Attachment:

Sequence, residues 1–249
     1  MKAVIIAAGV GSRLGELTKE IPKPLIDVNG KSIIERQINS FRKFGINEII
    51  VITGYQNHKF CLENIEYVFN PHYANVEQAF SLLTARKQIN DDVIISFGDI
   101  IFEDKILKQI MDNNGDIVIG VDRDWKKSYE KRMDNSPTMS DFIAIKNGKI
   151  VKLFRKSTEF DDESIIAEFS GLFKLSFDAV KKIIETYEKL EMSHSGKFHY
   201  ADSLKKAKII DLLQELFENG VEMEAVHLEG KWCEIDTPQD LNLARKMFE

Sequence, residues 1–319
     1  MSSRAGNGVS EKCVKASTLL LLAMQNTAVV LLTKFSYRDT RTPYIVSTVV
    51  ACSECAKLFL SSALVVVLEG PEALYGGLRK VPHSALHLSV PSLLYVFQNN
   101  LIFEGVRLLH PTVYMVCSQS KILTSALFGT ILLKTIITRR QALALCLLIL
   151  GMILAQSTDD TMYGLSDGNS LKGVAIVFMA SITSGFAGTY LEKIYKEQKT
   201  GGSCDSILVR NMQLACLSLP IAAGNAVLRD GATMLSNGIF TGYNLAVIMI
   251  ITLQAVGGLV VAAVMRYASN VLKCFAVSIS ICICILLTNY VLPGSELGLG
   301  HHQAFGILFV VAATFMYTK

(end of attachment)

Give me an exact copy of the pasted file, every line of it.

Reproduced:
Sequence, residues 1–249
     1  MKAVIIAAGV GSRLGELTKE IPKPLIDVNG KSIIERQINS FRKFGINEII
    51  VITGYQNHKF CLENIEYVFN PHYANVEQAF SLLTARKQIN DDVIISFGDI
   101  IFEDKILKQI MDNNGDIVIG VDRDWKKSYE KRMDNSPTMS DFIAIKNGKI
   151  VKLFRKSTEF DDESIIAEFS GLFKLSFDAV KKIIETYEKL EMSHSGKFHY
   201  ADSLKKAKII DLLQELFENG VEMEAVHLEG KWCEIDTPQD LNLARKMFE

Sequence, residues 1–319
     1  MSSRAGNGVS EKCVKASTLL LLAMQNTAVV LLTKFSYRDT RTPYIVSTVV
    51  ACSECAKLFL SSALVVVLEG PEALYGGLRK VPHSALHLSV PSLLYVFQNN
   101  LIFEGVRLLH PTVYMVCSQS KILTSALFGT ILLKTIITRR QALALCLLIL
   151  GMILAQSTDD TMYGLSDGNS LKGVAIVFMA SITSGFAGTY LEKIYKEQKT
   201  GGSCDSILVR NMQLACLSLP IAAGNAVLRD GATMLSNGIF TGYNLAVIMI
   251  ITLQAVGGLV VAAVMRYASN VLKCFAVSIS ICICILLTNY VLPGSELGLG
   301  HHQAFGILFV VAATFMYTK